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Who will be the next Labour leader?

Discussion in 'Speaker's Corner' started by BowdonUK, Dec 14, 2019.

  1. humbug

    Caporegime

    Joined: Mar 17, 2012

    Posts: 32,705

    The Government can use any broadcaster for whatever it wants to say.
     
  2. Pudney

    Soldato

    Joined: Sep 6, 2005

    Posts: 5,519

    Location: Essex

    Just add £155 to everyone's tax bill and the Government can move everything in house. Job done, problem solved!
     
  3. Murphy

    Mobster

    Joined: Sep 16, 2018

    Posts: 3,383

    Not the question i asked, do you know what the roll of a public broadcast system is and you don't think that's important?

    The government doesn't "use" a public broadcast system, it's called a public broadcast system not a government broadcast system.
     
  4. humbug

    Caporegime

    Joined: Mar 17, 2012

    Posts: 32,705

    Go on...
     
  5. Hagar

    Sgarrista

    Joined: Mar 1, 2010

    Posts: 7,722

    Location: Prev. Nkata Cheshire

    What do I think? I think that this thread on the future Labour leadership has gone so far off topic that it is no longer important what I think as somebody will trump it with the BBC licence. :p
     
  6. humbug

    Caporegime

    Joined: Mar 17, 2012

    Posts: 32,705

    I know and I did try to bring it back on topic.... :)

     
  7. Hagar

    Sgarrista

    Joined: Mar 1, 2010

    Posts: 7,722

    Location: Prev. Nkata Cheshire

    Andy Burnham would or should have been the Labour leader following Ed Milliband. I bet that he is glad that he got out from Leigh Lancashire before this election. He is making a reasonable fist of the Mayor for manchester though.
     
  8. humbug

    Caporegime

    Joined: Mar 17, 2012

    Posts: 32,705

    Yeah, he was my choice for Labour leader, i think he could make Labour much more electable, especially now that we know what the country thinks of a far left Labour.

    IMO Labour need to do something about all of its activists now controlling the party, like put them in a gimp box and seal it, tight. Including all those virtue-signalling champaign socialist celebrities that keep endorsing them. And silly little Guardian columnists.

    But its not going to happen, because these people have control, they are not going to give that or their soapboxes up. They will keep telling themselves that if they shout louder they can bring people around to their way of thinking, its all they have.

    They set off on a journey there was no turning back from.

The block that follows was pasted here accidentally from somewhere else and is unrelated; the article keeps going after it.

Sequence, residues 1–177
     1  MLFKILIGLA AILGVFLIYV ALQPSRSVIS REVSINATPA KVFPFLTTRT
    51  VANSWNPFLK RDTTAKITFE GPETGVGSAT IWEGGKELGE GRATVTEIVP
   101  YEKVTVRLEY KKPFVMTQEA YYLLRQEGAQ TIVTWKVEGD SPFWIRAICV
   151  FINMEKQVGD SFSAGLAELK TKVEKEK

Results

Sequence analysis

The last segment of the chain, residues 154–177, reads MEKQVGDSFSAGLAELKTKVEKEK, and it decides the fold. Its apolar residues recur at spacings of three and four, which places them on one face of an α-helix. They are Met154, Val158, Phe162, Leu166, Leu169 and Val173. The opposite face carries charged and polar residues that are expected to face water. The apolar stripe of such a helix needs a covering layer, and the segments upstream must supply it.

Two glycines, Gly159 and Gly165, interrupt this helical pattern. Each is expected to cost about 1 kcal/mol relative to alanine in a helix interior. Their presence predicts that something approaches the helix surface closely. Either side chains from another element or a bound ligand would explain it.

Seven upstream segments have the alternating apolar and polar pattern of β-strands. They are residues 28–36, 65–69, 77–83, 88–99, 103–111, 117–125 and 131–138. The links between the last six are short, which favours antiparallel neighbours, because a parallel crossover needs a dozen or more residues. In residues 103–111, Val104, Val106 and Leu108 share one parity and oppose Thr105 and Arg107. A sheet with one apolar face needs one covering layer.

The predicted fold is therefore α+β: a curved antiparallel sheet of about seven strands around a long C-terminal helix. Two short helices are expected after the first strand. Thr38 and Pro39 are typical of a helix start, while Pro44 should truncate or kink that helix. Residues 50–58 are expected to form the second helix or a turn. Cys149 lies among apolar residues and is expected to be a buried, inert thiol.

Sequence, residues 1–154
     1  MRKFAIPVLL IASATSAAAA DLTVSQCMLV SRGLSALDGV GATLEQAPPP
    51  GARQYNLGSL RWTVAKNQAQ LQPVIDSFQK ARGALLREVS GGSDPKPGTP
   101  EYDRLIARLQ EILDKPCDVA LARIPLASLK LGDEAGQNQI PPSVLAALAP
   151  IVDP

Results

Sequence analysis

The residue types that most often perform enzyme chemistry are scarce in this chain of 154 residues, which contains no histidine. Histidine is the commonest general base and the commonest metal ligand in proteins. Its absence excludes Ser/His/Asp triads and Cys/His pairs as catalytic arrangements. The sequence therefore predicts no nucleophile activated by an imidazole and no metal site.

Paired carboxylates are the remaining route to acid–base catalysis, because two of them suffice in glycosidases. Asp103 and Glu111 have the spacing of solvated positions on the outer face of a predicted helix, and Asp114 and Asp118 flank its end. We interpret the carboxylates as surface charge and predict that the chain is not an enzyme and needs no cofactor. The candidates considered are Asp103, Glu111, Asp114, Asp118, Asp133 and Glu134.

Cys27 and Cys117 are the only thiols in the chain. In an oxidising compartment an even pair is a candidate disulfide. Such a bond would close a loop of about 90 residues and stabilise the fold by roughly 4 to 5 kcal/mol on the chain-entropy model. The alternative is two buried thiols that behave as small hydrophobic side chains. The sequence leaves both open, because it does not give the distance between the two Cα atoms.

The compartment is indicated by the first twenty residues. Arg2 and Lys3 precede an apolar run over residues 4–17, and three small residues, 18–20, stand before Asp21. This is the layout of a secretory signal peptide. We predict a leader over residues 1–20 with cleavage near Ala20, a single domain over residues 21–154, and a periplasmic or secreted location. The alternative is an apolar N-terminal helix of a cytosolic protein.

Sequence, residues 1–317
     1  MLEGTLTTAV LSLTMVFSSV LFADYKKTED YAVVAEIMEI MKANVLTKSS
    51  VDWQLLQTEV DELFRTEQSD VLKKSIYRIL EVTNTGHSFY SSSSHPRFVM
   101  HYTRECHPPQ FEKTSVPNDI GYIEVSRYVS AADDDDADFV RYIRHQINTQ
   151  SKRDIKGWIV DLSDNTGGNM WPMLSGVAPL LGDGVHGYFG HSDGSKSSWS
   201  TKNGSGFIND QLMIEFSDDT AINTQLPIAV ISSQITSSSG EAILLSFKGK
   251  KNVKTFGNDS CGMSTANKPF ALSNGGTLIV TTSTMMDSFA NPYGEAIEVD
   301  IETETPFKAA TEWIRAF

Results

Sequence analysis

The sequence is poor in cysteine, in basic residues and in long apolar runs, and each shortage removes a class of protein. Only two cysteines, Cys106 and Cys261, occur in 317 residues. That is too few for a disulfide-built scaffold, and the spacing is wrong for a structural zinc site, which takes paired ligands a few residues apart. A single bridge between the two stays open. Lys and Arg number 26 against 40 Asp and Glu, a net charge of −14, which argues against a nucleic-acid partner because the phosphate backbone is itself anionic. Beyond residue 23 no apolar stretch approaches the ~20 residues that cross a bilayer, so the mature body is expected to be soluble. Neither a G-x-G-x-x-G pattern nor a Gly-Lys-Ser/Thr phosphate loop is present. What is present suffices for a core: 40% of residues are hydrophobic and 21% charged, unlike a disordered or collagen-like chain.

I'm a floating voter, i vote for policy and ideas, not a party and right now we do not have an opposition, i'm far from comfortable with that.
     
  9. Murphy

    Mobster

    Joined: Sep 16, 2018

    Posts: 3,383

    :confused:
    Arguably you were the one who took it off topic...
     
    Last edited: Jan 3, 2020
  10. Sankari

    Capodecina

    Joined: Dec 29, 2007

    Posts: 24,325

    Location: Adelaide, South Australia

    She's not radfem. She's not even second wave. But to her credit, she has been very open in her criticism of the British Pakistani community and its predilection for raping of young white girls.
     
  11. do_ron_ron

    Sgarrista

    Joined: Oct 23, 2002

    Posts: 9,825

  12. FoxEye

    Capodecina

    Joined: Feb 17, 2006

    Posts: 22,670

    Location: Cornwall

    Tbh it seems like even the working classes in this country are centre-right now in their politics.

    Cornwall has been voting blue for several elections now. You hear builders, plumbers, road sweepers, all talking about the Tories being a safe pair of hands, etc.

    I don't know how this happened, but Labour really does have an uphill battle ahead, unless the Tories royally **** us over big time - and crucially don't manage to blame everyone else but themselves.

    In most other circumstances I think we're looking at decades of Tory rule. Unless we ever ditch FPTP, this is the future for the UK, as far as I can see.

    Labour just seem completely defeated. Not just in this election, but they seem a spent, defeated force in UK politics, if the current climate prevails.

    Their only hope is that Gen Y and later really do think differently to Gen X and older, and continue to think differently as they age/retire.
     
  13. Uther

    Capodecina

    Joined: Jun 16, 2005

    Posts: 11,157